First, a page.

Remote working for the traditional five-day office worker is a huge shift, especially in the short space of time companies transitioned as the pandemic took hold last year. Today’s technology certainly made this changeover a lot smoother, possibly seamless for some. But imagine working remotely three decades ago in a time before Wi-Fi and superfast broadband, where dial-up access was how workers stayed connected. This was the reality of actuarial consultancy OAC, which has been fully remote since 1995.
“We’ve never had an office”, said Sally Palmer, Head of Finance at OAC. “The firm was founded by an actuary and his son and has always worked remotely, which 26 years ago was quite an unusual thing. We operated using a system of databases that replicated. Dial-up access was limited, so you would operate using local copies which would replicate across in a managed way.
“The company started small, with a father and son who worked from home with other people joining down the line. The father was the actuary while the son was very into technology and believed it could help the company avoid being bound by geography. We now have people from all over the UK that work for us and feel we can get the best people wherever they are.”
This idea of breaking down geographical barriers is shared by ICAEW’s second interviewee, Ken Chan, Global Head of Tax at Finastra – a firm that provides solutions to financial services providers. Chan said: “I’ve been here two months and I’ve only met one person face-to-face – everyone else I have met in 2D over Microsoft Teams (MT). We work through a mixture of MT and emails because my tax team is based in four countries across London, Toronto, Florida and Bangalore in India.
“One of the challenges of working remotely is simply down to time zones and that I haven’t met any of them before. It’s just a case of respecting different people’s time zones – sometimes the solution is simply to alternate it between early for some people and late for the next. The best way is to agree a time well in advance.”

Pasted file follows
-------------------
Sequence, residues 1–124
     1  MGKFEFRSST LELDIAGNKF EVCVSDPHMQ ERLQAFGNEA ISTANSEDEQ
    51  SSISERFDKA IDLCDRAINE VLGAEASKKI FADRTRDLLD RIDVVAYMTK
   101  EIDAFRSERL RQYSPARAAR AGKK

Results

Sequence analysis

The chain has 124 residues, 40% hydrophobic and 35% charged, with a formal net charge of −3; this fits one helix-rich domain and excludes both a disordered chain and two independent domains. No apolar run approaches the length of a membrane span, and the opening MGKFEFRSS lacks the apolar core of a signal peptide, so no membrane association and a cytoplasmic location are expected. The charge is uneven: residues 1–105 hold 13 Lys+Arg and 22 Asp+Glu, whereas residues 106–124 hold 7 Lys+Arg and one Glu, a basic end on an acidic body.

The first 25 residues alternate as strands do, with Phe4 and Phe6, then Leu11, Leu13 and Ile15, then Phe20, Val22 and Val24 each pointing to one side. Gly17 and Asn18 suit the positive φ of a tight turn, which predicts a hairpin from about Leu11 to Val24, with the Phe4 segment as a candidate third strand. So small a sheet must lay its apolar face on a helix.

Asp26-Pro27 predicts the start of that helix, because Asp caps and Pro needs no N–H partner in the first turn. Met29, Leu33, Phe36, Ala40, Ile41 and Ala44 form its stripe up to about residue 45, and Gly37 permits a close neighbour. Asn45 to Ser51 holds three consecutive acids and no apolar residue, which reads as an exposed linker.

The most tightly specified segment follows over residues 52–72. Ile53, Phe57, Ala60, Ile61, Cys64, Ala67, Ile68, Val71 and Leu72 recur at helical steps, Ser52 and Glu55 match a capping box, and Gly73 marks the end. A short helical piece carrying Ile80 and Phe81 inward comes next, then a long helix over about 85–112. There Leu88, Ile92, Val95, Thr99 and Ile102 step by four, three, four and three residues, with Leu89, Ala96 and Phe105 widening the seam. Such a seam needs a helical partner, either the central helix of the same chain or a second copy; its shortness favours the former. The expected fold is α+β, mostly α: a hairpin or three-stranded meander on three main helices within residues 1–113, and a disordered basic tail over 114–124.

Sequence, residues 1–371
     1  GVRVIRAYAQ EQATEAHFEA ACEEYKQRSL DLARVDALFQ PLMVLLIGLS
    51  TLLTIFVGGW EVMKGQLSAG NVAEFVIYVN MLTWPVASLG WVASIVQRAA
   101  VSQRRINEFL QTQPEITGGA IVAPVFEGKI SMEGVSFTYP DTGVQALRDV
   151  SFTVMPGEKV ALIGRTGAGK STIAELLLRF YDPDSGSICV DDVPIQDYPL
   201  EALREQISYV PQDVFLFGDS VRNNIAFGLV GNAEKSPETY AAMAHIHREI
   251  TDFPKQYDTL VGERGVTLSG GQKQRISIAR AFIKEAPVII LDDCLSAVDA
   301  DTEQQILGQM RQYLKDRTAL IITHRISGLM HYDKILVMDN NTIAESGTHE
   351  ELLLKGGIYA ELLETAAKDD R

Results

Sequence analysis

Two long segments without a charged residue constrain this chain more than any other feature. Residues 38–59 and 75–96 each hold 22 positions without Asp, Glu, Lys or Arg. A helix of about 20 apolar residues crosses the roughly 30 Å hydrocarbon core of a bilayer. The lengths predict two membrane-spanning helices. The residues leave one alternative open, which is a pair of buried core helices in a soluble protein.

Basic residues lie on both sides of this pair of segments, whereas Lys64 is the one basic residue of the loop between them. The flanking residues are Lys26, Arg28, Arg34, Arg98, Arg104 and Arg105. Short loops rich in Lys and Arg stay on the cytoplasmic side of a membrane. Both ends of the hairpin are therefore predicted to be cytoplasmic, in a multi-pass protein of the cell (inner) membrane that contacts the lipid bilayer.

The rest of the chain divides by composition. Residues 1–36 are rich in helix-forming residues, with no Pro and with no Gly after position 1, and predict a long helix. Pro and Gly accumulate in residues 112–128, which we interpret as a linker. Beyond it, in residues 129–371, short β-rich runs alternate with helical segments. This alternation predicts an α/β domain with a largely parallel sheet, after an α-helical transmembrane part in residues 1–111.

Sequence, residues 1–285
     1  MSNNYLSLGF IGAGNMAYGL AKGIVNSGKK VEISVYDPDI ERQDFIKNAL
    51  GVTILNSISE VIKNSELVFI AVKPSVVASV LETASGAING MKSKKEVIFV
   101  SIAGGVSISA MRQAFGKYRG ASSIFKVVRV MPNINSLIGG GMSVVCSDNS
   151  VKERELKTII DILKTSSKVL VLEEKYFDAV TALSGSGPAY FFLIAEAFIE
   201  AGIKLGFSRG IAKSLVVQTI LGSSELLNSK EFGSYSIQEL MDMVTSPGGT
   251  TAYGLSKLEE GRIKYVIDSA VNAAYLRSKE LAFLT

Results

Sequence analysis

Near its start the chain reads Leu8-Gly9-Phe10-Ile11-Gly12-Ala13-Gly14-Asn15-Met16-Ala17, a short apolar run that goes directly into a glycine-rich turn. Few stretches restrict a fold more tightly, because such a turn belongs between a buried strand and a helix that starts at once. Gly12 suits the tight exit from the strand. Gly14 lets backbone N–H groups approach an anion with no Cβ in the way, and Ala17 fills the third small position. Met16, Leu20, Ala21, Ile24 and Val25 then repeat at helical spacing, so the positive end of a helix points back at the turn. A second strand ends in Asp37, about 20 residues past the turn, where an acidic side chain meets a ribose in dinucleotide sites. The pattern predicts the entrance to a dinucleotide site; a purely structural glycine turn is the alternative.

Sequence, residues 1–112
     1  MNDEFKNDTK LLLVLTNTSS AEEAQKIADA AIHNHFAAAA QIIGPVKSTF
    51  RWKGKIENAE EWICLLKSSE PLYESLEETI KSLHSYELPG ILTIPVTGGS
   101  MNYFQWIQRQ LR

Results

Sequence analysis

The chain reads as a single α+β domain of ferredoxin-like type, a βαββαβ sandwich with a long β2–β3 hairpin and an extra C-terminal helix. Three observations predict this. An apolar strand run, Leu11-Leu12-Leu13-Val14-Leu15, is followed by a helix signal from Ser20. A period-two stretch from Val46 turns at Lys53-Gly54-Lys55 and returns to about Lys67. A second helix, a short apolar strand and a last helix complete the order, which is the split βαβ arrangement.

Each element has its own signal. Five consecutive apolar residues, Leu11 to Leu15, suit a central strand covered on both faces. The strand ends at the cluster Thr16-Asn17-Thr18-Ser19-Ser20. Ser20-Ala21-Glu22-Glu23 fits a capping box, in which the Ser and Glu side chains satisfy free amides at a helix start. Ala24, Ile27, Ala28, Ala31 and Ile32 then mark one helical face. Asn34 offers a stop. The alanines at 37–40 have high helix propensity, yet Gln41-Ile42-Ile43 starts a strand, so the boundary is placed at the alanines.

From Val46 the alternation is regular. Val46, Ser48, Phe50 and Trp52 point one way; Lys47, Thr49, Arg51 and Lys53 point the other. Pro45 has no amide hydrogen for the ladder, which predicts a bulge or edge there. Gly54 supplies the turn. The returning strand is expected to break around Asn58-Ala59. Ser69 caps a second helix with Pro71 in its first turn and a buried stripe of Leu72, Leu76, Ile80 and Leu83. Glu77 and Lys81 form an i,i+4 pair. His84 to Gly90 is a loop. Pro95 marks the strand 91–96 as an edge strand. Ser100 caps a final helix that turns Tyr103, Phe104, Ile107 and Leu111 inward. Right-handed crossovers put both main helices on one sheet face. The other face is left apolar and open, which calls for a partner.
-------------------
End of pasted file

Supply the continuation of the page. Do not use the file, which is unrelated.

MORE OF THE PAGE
Finastra has introduced an initiative for workers to establish a ‘digital balance’ because with everyone sitting at home and staring at a screen all day inside the same four walls, it’s quite a different environment to the office.
Chan explained: “It’s all about finding the balance between digital and wellbeing at home. I was really impressed with this when I joined. It comes right from the top, where they ask the Finastra leadership team to set an example. It started with me posting a video explaining who I am and how I find my digital balance. For me, it is about taking my little one out for a walk. It’s definitely not an immediate solution but the more we talk about it the more it becomes a part of our normal working life.”
Deliverables over facetime
Some companies may believe that work is done in the office: if you can’t see employees working then you can’t be sure that campaigns are getting done. Chan disagrees with this method and believes deliverables are all that matters.
“I’ve always been a massive advocate for this, to not focus on face-time but concentrate on clearly measurable deliverables. This is a huge selling point for attracting talent – it’s accepting this is not about facetime, it’s about finding a balance between home and work”, he said.
“The starting point is having a really clear mission objective and then guiding the team in the right direction, but also giving them the autonomy and the trust get the work done. This is great for people’s motivation and good for leaders because you don’t have to keep micromanaging. You don’t really care how they do it, just if they are hitting those objectives.”
Workplace of the future
A recent PwC Survey highlights that 84% of employees feel able to perform their role just as effectively when working remotely as they would in the office. However, even the most die-hard of tech enthusiasts admits that in-person contact may still have its place in the workplace of the future.
As a business, Finastra has been trying to lead in terms of building the future of work before the pandemic. It recognises that people don’t need to be commuting and working in the office five days a week.
“We see the workplace very much as a hub for collaboration,” added Chan. “Even though remote working is partly here to stay, office time is still important. That’s where we hold our social capital, build connections and learn to work together effectively.”
Sally Palmer believes future companies can operate adequately without a physical office, but facetime is an absolute necessity. “One thing you wouldn’t expect me to say from a remote working firm is how important we value face-to-face communication”, stated Palmer. She outlines how OAC makes the effort to get together when they can, usually one day out of the year, especially for new starters.
“We have remotely onboarded people 100%, but it is always better to meet somebody in person and have a cup of coffee. We’ve really missed that this year. Working from home, the main thing I’ve learned is the value of face-to-face communication. Ultimately, I think the work environment has changed forever, but face-to-face meetings remain important and need to be used wisely going forward”, she concluded.